Safety in the laboratory

Safety in the laboratory

A typical Biology Laboratory. Image credit ad.edu

ZIMSEC O Level Biology Notes: Safety in the Laboratory

A: Eye Protection

 

  • Wear splash goggles all the time.

B: Clothing and Personal Items

  • Closed shoes must be worn during the entire time that you are in the laboratory to protect you from splashes of chemicals, broken glass, and other hazards that may occur in the lab. The shoes must cover your feet without gaps such as open toes.
  • A clean laboratory coat must be worn all the time.
  • Long hair should always be tied back.

C: Handling Chemicals

Safety Goggles

  • Treat all chemicals in the lab as toxic substances.
  • Keep them off your skin and clothes.
  • Due to danger of chemicals entering the mouth or lungs: smoking, drinking and eating are forbidden in the laboratory.
  • Do not taste anything in the laboratory.
  • Do not place your mouth on any chemical equipment.
  • Keep your hands and face clean. Flush any spill on your body with cold water for at least 15 minutes. Wash your hands with soap and warm water before leaving the laboratory.
  • Avoid inhalation of fumes of any kind. To test an odor, fill your lungs with air and cautiously sniff the vapors as you waft (fan) them from the source.
  • Never inhale fumes directly from a chemical substance. All odorous and/or fuming chemicals must be kept in the dispensing hood. Any reaction that emits a fume must be carefully set-up to trap the fumes, or to direct them into the bench-top hoods.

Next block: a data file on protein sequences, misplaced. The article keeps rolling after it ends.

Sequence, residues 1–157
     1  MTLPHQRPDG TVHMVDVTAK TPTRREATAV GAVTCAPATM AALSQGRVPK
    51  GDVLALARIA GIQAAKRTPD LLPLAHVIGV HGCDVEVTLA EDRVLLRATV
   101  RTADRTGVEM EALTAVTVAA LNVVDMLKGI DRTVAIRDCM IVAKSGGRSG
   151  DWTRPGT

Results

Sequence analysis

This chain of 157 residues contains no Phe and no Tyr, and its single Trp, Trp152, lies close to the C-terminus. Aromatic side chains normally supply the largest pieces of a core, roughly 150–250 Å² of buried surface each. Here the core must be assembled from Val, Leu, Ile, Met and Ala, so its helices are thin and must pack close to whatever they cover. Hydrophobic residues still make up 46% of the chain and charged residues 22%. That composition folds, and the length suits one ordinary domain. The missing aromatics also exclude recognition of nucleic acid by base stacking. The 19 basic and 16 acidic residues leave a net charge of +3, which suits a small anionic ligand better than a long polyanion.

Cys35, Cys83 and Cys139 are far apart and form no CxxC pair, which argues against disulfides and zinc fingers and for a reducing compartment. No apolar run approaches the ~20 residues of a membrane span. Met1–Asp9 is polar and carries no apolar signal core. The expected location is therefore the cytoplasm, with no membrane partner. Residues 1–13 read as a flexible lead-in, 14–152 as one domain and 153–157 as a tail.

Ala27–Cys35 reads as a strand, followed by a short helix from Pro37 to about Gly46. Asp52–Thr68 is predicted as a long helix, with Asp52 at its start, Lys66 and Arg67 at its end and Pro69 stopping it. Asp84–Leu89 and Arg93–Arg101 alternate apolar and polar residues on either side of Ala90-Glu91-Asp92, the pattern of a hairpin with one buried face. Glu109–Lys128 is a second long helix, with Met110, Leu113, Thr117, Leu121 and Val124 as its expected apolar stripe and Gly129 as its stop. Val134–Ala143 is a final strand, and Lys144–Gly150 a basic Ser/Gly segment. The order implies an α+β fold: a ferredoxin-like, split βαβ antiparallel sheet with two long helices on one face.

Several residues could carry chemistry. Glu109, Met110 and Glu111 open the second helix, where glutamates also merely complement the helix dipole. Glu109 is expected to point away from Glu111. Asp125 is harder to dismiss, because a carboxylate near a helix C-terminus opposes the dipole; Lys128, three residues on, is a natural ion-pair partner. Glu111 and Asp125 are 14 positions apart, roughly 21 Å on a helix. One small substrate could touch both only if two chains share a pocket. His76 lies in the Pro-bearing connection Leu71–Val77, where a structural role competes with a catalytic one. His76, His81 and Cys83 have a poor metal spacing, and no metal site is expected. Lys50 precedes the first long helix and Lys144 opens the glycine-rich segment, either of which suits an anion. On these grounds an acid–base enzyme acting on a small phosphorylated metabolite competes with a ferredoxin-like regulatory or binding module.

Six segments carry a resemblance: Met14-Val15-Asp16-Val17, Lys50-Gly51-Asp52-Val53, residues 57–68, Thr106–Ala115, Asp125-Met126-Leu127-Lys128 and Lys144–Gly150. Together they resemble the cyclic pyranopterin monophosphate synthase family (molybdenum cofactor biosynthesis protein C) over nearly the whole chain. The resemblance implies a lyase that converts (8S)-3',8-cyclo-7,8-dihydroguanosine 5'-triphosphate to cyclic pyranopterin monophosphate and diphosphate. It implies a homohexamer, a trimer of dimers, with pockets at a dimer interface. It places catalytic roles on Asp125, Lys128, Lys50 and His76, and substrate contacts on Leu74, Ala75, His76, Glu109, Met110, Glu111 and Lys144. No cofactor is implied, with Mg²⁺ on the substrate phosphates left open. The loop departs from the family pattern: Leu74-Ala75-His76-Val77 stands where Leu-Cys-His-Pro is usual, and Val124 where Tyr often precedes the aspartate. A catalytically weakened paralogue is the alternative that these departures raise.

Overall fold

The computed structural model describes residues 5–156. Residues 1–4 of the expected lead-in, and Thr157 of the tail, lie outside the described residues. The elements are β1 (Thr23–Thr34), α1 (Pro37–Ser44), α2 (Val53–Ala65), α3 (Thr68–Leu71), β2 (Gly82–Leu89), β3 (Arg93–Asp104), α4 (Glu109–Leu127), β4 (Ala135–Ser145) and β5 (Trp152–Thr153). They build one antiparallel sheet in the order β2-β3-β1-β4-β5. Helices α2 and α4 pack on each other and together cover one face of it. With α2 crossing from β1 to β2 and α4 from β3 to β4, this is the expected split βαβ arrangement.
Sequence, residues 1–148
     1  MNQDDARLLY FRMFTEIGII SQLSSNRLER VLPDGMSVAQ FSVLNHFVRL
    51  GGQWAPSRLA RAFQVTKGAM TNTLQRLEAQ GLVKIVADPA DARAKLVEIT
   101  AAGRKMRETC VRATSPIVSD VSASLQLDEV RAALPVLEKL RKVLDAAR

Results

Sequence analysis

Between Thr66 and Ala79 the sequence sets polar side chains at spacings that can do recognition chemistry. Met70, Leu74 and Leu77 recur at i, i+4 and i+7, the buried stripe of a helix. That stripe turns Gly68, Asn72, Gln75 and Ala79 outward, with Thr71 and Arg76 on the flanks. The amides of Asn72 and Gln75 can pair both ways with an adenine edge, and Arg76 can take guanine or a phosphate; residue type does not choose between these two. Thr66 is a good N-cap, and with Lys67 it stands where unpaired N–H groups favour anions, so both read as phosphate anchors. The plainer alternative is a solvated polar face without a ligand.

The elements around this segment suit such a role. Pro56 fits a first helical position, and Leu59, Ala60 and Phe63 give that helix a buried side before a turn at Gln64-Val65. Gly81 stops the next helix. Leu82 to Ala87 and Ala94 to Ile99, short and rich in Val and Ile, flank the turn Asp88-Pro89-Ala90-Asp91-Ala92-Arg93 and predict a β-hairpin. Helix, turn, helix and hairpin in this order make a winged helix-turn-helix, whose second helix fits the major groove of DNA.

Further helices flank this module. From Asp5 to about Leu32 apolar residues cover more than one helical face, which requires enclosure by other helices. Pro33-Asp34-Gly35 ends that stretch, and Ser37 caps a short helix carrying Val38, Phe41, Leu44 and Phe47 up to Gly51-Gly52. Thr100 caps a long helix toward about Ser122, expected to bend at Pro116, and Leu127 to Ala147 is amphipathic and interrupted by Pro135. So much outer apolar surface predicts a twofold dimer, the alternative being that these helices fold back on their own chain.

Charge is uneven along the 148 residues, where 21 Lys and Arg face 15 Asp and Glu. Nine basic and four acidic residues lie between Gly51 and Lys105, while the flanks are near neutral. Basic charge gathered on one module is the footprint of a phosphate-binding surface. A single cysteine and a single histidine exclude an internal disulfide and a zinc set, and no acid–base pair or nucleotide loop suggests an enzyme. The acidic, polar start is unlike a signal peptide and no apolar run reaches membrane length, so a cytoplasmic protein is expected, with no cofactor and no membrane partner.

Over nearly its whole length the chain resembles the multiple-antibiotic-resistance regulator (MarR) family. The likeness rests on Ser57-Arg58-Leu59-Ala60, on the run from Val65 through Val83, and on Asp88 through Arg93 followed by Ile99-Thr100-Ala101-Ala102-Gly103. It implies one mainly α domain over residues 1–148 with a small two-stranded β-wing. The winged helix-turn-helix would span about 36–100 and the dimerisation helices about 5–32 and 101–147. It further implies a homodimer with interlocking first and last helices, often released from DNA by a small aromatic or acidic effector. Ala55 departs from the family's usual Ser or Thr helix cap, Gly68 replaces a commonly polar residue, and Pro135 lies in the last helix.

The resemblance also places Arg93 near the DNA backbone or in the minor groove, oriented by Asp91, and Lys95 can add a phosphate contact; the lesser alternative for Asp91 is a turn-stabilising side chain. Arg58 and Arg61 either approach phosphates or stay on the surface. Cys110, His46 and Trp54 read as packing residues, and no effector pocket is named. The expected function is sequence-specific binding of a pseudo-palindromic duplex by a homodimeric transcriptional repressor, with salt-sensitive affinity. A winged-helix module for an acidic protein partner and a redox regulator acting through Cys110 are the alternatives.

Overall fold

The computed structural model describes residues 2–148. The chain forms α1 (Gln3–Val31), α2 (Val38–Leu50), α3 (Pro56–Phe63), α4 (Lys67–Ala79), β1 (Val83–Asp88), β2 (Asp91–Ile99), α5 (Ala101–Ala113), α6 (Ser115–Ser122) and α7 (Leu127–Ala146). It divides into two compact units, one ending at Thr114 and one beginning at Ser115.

• Never leave excess or spilled chemicals on equipment (in particular, the handling surface of glassware); wipe clean with a damp towel immediately and dry immediately with another towel.
  • Avoid violent splattering by always pouring concentrated solutions (e.g., acids) slowly INTO water or less concentrated solutions while stirring. Never the reverse.
  • Never leave any reaction unattended.
  • Most organic substances are flammable. Sparks, flames or other ignition sources should be kept out of the laboratory.
  • Heat organics in a sand or water bath, or use an aluminum heating block.

To access more topics go to the O Level Biology Notes page

By |2017-03-29T09:19:30+00:00March 29th, 2017|Notes, O Level Biology Notes, Ordinary Level Notes|Comments Off on Safety in the laboratory

About the Author:

She holds a Bachelor of Science Honors in Applied Biology and Biochemistry from National University of Science and Technology, a Certificate in Good Clinical Practices from National Institute on Drug Abuse Clinical Trials Network, a Certificate in Leadership from Deloitte and Certificate in Chemistry Laboratory Experiments from Helsinki Metropolian University of Applied Sciences, Finland.
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